Archive for the ‘Contemporary Issues’ Category

Culture and Creed

May 10, 2006

This is a copy of the speech that I wrote for a Korean student. I'm not sure if it is good enough to win the contest (to be held on May 19), but I'm somehow confident that the message will accomplish its objective of serving as an an eye-opener to the Koreans who will attend the event. By the way, the word "remnant" means "Christian."

It is not very unusual that we would hear about something similar to the story of a twelve-year old boy who, for no significant reason, suddenly performed a “suplex,” a very dangerous wrestling move, on one of his schoolmates after he jokingly proclaimed himself to be a wrestler. As far as I could recall, that boy referred to himself as “John Cena,” the current World Wrestling Entertainment Champion.

The fact that it was only child’s play is beside the point. What bothered me about this particular incident was how the other boy, who was hurt during that brief “wrestling match,” couldn’t fight back just because he was a year younger than the boy who called himself “John Cena.”

Of course, this kind of situation doesn’t surprise me anymore. I mean, how many times have I been hit by a senior for fun? In addition, how many times have I also whacked someone else for the simple reason that a person smells bad or looks ugly?

Sounds familiar?

We see this kind of stuff happening everyday back in our hometown, and there is no doubt that we are experiencing the same here in the Philippines. But in the end, we manage to laugh about it or forget it because we have been taught that it’s normal. It’s a part of who we are. It is our culture.

Yes, saying that it’s our culture makes it all right. It takes the pain away. No matter how a certain custom seems wrong, we accept it with open arms because society says it’s ok.

Well, to tell you the truth, I’ve learned how to deal with it a long time ago. But thinking about it now makes me remember those times when I used to ask myself everyday, “why?” Why couldn’t I disagree with older people even if I knew I was right? Why couldn’t I defend myself whenever I was hit or offended for no cause at all? Could you imagine how pitiful I felt about myself during those times? If you’re a Korean like me, I’m sure you do.

Behaving in a particular way due to the influence of one’s culture is not always a bad thing. Actually, there are many aspects about our way of life to which without it would have made us a weaker nation. But whether or not our culture has made us a great country is not the issue here. My main concern is not our identity as Koreans, but of who we are as Remnants.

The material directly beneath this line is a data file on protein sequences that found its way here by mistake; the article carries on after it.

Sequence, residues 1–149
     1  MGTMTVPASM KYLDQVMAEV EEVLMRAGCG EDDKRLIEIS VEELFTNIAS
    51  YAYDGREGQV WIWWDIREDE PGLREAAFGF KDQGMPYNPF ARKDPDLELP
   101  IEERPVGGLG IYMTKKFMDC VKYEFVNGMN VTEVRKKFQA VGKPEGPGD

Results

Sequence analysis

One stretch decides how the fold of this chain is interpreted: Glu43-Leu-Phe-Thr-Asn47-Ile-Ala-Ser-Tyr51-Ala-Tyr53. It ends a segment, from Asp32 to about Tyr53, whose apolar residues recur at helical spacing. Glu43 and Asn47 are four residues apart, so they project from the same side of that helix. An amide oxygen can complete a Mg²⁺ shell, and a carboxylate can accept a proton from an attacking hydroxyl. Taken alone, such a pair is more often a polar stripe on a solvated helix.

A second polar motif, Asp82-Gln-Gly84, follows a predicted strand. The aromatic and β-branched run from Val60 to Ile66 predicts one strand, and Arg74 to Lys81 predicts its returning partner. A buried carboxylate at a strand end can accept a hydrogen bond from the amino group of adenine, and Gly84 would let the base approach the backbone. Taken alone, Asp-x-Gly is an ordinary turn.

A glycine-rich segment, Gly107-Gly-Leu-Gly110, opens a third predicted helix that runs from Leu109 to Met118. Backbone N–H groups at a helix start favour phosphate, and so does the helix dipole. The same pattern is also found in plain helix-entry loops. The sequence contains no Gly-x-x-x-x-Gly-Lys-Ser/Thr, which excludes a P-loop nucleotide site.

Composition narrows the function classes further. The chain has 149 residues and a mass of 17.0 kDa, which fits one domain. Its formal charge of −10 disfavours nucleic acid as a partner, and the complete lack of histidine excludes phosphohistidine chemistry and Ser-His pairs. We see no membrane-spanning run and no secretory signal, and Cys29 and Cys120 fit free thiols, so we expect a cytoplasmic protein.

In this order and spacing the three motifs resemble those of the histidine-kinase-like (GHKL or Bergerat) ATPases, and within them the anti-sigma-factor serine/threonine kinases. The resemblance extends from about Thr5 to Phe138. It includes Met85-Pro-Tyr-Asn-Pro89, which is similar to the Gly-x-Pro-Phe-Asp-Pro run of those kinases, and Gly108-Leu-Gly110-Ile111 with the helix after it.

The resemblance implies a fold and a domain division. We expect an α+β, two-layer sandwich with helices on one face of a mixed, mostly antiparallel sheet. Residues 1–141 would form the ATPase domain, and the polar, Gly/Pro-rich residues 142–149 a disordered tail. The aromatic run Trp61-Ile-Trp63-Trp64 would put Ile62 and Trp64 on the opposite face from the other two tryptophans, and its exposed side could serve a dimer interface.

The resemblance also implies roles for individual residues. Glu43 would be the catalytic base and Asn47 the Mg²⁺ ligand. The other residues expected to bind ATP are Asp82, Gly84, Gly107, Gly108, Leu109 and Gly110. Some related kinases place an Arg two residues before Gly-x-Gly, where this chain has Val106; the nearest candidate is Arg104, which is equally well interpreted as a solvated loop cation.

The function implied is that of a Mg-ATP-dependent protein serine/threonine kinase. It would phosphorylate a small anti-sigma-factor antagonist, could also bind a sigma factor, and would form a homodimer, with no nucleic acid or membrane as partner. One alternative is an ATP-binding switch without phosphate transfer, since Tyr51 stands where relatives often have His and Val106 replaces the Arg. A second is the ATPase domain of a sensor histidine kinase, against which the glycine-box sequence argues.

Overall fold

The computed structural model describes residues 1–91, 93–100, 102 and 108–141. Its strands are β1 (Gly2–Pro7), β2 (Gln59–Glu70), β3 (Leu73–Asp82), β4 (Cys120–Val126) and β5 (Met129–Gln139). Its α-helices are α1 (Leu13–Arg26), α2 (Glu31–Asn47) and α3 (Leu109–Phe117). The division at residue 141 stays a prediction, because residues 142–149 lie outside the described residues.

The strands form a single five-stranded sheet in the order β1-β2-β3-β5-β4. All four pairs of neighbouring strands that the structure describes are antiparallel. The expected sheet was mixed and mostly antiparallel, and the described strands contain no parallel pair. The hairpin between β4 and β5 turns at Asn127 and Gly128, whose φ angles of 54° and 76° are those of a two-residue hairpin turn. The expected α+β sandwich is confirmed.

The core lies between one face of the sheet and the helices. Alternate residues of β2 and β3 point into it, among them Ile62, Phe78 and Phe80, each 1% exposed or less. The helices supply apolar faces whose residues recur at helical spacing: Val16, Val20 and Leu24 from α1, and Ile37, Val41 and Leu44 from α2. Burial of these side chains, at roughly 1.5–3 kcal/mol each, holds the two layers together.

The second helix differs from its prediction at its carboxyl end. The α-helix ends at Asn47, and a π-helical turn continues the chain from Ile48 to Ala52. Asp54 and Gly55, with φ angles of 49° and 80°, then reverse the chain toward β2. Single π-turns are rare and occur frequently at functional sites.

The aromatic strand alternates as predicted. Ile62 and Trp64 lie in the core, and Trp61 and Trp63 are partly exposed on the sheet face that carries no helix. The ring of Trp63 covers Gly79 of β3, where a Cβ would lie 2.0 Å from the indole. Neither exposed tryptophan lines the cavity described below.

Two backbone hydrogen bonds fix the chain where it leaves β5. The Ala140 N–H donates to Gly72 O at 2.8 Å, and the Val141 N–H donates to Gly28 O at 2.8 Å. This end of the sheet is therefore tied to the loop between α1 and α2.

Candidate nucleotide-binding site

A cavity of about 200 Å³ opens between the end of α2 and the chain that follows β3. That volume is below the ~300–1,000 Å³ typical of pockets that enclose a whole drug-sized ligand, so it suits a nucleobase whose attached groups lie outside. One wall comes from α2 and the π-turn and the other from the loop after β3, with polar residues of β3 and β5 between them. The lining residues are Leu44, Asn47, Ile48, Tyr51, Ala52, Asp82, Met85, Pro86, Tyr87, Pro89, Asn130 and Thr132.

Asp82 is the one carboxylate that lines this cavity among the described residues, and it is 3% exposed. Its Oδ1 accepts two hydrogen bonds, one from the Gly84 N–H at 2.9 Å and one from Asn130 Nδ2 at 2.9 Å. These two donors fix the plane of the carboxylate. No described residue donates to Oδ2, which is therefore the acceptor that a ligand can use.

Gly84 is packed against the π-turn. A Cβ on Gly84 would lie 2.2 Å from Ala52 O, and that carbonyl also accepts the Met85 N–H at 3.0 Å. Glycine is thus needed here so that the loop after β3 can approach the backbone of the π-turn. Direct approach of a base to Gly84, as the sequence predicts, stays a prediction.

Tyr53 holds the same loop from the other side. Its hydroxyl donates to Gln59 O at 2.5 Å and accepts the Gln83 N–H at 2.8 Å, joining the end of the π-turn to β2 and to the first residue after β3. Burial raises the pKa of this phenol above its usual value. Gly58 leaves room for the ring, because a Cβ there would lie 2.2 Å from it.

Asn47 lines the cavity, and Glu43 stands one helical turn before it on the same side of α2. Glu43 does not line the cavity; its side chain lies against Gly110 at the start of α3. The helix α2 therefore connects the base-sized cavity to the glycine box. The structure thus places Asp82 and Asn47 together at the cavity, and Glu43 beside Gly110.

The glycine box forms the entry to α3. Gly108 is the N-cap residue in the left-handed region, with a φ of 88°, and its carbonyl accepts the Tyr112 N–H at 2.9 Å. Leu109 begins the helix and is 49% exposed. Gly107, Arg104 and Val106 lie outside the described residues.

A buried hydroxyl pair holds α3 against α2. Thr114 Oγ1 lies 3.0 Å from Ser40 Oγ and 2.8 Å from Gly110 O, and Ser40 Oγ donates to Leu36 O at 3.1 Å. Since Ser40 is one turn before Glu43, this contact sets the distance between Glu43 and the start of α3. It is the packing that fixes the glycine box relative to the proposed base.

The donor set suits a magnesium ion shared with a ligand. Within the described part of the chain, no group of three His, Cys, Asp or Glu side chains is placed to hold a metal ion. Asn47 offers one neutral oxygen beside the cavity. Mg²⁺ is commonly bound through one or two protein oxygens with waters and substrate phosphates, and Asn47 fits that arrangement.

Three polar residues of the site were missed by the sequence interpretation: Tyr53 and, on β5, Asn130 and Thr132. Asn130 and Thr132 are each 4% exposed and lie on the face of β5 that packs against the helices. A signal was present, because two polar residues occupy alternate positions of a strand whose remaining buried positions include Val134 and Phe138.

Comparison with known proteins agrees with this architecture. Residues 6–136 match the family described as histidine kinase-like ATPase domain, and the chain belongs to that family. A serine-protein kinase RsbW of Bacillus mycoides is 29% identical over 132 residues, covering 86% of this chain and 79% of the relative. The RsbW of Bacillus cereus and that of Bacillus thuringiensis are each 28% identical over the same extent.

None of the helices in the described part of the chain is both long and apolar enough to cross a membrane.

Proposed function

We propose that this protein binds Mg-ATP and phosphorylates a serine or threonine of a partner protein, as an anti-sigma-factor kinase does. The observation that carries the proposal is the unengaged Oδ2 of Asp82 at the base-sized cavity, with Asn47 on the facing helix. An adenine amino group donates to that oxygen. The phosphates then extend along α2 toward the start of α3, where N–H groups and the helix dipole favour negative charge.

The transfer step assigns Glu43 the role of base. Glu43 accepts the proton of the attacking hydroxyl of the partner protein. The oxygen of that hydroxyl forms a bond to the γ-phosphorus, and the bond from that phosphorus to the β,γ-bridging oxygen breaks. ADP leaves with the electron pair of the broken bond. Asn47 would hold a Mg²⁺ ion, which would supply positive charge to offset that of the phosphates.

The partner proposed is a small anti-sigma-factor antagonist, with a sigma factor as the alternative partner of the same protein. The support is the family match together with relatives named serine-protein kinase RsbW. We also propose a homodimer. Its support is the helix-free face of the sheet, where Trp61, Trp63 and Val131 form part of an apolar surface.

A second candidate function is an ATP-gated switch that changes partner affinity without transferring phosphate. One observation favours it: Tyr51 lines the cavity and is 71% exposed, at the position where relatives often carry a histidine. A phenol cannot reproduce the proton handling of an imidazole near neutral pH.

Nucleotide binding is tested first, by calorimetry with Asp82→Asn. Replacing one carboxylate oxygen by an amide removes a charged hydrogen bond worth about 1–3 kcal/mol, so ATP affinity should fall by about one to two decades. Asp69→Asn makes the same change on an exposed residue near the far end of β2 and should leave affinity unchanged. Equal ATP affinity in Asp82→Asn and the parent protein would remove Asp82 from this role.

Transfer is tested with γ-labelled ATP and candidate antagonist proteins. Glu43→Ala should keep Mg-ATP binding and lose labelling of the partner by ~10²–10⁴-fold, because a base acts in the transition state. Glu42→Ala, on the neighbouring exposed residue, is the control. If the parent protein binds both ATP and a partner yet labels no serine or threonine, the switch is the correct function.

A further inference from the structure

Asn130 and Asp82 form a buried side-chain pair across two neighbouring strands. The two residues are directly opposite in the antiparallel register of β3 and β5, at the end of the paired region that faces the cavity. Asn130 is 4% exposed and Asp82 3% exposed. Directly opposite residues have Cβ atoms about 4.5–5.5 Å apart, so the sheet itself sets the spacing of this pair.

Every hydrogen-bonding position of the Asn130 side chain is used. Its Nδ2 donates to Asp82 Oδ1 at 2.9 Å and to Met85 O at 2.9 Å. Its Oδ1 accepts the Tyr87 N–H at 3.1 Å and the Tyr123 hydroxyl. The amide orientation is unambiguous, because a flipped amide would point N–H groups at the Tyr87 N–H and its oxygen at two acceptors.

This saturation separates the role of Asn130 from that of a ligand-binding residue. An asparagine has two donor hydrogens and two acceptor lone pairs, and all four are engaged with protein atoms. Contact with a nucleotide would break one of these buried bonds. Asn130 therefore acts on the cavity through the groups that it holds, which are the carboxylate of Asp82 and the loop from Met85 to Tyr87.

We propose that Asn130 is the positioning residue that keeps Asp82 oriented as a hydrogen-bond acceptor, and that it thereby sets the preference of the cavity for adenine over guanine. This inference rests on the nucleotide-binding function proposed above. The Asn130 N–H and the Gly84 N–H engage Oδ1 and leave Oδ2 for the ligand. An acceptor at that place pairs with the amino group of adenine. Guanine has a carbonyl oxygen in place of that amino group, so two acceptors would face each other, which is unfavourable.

Bearing the title of “remnant” has a big responsibility attached to it. It requires more than just attending worship services and forums. It is definitely greater than our prayers and offerings to God. Becoming a follower of Christ entails each and every part of our being to be in line with His will.

In the Book of John 13:34-35, Jesus said to his disciples, "A new command I give you: Love one another. As I have loved you, so you must love one another. By this all men will know that you are my disciples, if you love one another."

The dilemma here is quite obvious. As you can see, it is quite difficult to convince another person that we are remnants if our actions speak otherwise. If we truly want to uphold the Word of God, then we must start becoming a role model to other people. That means love, kindness, and respect for all men, regardless of age. In the words of Paul, we must not conform any longer to the patterns of this world, but be transformed by the renewing of our minds.

Are we willing to do away with a bad tradition in order to follow God’s teachings?

So now, at this very moment, let us all reflect and decide who we really want to be. Are we going to be Koreans? Or are we going to be Remnants? Those are two different things.

For me, I’m going to be both. But I will always make sure that I am a Remnant first and a Korean, second. For when I accepted Jesus as my Lord and Savior, I understood that I am no longer a citizen of this world, but of heaven. Therefore, my loyalty and allegiance starts and ends with God.